Battle Creek

100 Hours of Astronomy

100 hours of AstronomyThe 100 Hours of Astronomy project (100HA) is a worldwide event with a wide range of public outreach activities including live webcasts, observing events and more taking place during a 100-hour period in early April. One of the key goals of 100HA is to have as many people as possible look through a telescope as Galileo did for the first time 400 years ago.

The Kalamazoo Astronomical Society will co-sponsor simultaneous 100HA events on both April 3rd and 4th with the Kalamazoo Valley Museum and Kingman Museum of Battle Creek as part of the International Astronomical Union’s “100 Hours of Astronomy” celebration by inviting the public to take a closer look at what’s up there — way, way, way up there. This event takes place just when the Moon goes from First Quarter to Waxing Gibbous, good phases for early evening observing. Saturn will be the other highlight of early evening observing events.

Using much more sophisticated and technical equipment than Galileo had in 1609, society members and museum staff will point their telescopes to provide views of the moon, the vast plains called Maria, chains of mountains and craters. Further east, the planet Saturn will come into focus, revealing the rings that remained a mystery to Galileo.

Eric Schreur, the museum’s planetarium coordinator, said the free stargazing will begin at 8 p.m. on both that Friday and Saturday, and continue until people’s eyes grow tired of the celestial sights.

The concept of “100 Hours of Astronomy” is derived from the fact that, beginning on the evening of April 2, backyard stargazers around the world will set up their telescopes to give public audiences the chance to look up close and personal skyward.

As the earth turns into its shadow, observers in different cities will keep a continuous watch on the night sky until four days have elapsed. Major observatories around the world will participate by streaming webcasts to audiences in distant cities.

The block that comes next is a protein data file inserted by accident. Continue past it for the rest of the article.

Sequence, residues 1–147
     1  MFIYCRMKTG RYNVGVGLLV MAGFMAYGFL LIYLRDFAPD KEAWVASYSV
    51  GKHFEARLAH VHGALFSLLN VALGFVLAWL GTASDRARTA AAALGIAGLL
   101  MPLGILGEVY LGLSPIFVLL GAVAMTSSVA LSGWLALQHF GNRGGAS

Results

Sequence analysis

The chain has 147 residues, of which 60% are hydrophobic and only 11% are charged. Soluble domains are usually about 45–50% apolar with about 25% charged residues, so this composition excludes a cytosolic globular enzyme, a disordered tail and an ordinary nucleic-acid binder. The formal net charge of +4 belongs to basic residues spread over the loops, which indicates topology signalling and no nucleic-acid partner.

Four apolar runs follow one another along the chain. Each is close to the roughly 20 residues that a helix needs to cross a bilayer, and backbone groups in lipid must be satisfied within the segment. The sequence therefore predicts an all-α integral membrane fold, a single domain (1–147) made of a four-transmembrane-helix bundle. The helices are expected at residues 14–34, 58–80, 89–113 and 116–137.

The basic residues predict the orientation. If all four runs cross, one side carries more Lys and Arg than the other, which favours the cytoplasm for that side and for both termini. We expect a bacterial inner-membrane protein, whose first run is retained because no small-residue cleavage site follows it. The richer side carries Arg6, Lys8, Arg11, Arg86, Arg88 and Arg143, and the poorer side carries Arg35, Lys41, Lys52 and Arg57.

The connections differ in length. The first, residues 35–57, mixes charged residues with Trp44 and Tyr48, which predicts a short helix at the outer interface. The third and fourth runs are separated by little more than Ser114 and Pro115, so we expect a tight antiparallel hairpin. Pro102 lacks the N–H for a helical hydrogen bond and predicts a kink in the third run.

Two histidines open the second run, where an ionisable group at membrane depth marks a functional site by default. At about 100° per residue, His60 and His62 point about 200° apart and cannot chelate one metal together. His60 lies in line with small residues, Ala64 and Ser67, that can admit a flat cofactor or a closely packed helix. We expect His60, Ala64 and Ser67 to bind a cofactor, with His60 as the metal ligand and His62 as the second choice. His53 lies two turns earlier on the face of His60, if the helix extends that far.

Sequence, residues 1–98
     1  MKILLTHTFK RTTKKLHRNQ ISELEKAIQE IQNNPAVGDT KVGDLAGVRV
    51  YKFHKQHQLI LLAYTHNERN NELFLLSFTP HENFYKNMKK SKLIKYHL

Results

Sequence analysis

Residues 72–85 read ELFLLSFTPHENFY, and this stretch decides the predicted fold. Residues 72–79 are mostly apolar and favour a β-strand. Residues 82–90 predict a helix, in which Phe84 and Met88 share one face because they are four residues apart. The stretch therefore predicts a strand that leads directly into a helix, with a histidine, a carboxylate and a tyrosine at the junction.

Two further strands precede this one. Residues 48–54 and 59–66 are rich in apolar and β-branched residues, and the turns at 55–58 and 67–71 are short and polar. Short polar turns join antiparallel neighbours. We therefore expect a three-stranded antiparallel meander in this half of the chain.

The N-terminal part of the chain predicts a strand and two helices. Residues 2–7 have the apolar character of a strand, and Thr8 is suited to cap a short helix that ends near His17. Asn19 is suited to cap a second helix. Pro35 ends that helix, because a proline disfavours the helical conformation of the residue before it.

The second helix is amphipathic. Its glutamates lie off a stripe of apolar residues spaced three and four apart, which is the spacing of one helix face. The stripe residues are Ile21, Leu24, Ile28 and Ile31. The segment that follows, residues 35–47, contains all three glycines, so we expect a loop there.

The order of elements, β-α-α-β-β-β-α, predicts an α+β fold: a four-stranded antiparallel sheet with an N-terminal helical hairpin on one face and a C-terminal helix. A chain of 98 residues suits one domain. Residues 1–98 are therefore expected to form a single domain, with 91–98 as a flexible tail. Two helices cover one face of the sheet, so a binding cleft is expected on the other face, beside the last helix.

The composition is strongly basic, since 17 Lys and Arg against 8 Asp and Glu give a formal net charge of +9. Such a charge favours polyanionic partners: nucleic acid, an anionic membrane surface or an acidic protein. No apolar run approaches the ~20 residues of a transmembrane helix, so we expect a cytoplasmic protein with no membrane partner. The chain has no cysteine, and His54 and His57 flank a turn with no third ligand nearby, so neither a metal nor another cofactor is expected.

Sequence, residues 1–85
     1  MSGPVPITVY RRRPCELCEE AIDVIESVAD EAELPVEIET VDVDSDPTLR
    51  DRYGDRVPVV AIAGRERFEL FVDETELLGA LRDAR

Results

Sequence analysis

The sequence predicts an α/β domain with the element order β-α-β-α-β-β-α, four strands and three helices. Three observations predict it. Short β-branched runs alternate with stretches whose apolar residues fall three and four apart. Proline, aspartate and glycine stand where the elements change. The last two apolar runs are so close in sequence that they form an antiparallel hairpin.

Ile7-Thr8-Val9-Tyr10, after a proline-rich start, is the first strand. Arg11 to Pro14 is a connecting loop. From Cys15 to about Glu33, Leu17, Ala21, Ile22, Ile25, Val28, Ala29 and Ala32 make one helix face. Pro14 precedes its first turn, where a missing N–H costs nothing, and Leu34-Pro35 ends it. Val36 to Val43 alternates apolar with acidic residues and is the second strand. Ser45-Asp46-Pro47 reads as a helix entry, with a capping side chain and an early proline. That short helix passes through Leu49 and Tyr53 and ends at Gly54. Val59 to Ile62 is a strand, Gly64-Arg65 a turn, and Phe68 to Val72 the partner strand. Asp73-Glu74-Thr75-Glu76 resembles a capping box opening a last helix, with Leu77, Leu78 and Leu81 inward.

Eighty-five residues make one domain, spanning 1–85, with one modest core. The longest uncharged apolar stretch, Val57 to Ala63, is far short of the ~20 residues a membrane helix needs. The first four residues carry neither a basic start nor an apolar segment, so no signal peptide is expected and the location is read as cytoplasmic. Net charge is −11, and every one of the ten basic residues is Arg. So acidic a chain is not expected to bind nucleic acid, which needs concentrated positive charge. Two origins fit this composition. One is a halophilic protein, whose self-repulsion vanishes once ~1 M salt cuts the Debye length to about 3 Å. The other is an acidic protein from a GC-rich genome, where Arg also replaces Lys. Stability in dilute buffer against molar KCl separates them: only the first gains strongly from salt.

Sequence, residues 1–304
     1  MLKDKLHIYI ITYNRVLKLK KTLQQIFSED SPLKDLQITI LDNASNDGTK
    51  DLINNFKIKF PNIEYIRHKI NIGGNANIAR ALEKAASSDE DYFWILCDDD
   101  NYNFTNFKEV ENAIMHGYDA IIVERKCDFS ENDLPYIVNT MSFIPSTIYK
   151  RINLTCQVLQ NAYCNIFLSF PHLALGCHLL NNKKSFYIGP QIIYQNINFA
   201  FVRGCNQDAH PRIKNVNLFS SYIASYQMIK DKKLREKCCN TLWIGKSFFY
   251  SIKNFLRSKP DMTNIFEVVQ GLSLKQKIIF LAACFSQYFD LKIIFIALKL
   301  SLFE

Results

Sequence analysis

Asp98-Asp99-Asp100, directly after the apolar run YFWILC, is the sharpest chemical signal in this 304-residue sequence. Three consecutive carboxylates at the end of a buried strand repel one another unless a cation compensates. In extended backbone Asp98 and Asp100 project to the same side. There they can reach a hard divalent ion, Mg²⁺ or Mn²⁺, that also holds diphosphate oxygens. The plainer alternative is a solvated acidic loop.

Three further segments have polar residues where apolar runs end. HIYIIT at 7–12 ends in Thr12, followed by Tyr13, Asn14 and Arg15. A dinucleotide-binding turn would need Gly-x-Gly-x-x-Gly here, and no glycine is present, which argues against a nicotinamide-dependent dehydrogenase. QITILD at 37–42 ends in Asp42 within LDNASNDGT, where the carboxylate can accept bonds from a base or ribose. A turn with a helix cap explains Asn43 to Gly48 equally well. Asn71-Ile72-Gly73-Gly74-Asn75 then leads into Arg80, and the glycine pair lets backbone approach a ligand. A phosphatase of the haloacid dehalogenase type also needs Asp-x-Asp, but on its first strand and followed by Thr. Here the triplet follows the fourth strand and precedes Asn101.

Throughout the four-day period, somewhere around the earth a telescope will be aimed into the night sky.

Another IYA goal is to have millions of people viewing the night sky through telescopes of their own.

Some people have telescopes buried in a closet or garage. The Telescope Amnesty Program invites people to bring them to IYA events, including those at the museum, where experienced stargazers can demonstrate how to set them up, or tune them for better performance.

Dig Michigan: Kalamazoo Region

Situated approximately half way between Detroit and Chicago and home to Western Michigan University, Kalamazoo is the second of Michigan’s regions that we are exploring this month. Our goal with this series of articles is to give you a little taste of some great vacation opportunities that are probably less than a tank of gas away, so if you have suggestions or questions about visiting the area, we’d love it if you would share them in the comments

july 20 station

A Brief History
Through Discover Kalamazoo we learn that Kalamazoo County began as a small fur-trading post founded by Titus Bronson in the late 1700s. Like many Michigan cities, Kalamazoo’s name was adapted from an Indian word, “kikalamazoo,” meaning boiling water. Water has long been a vital component in Kalamazoo’s major industries including papermaking and agriculture which have helped the area grow and prosper.

Some of the many famous products manufactured in Kalamazoo include Checker Cabs, Gibson guitars, Kalamazoo Stoves, Stryker hospital beds and Shakespeare fishing rods and reels. In the late 1800s, W. E. Upjohn moved to Kalamazoo and created The Upjohn Company, which is now part of Pfizer Corporation, the world ‘s largest pharmaceutical company.

Recently Kalamazoo has made national news with the Kalamazoo Promise which provides a scholarship to every Kalamazoo Public School student. It has served as a catalyst and an inspiration throughout Michigan, the United States and even the international community.

Culinary Delights
Once know as ‘Celery City‘, Kalamazoo was once was noted for celery and bedding plants. To this day the surrounding countryside still continues to produce significant quantities of farm crops of which can be found at one of the many area farmers markets and u-pick farms. Like other regions in Michigan the Kalamazoo area has become home to the burgeoning wine industry. The Lake Michigan Shore Wine Trail hugs the southeast shore of Lake Michigan, extending from the Michigan-Indiana border north 70 miles to the Kalamazoo River. The Kalamazoo area also is home to several micro-breweries such as Aradia brewing Co in Battle Creek and the granddaddy of them all Bell’s Brewery. Other notable food producers include Tree-Mendus Fruit which is home of the world famous International Cherry Pit Spitting Championship, the A.M. Todd Company which is a leading producer of peppermint oil and their offshoot Kalsec which produces spice, herb, hop, and vegetable extracts. Just a few of the great restaurants in the area include Zazios which features an interactive dining experience, the Epic Bistro, Food Dance, Tello Wine Bar and the historic Schuler’s Restaurant & Pub.

Kalamazoo and surrounding areas, in pictures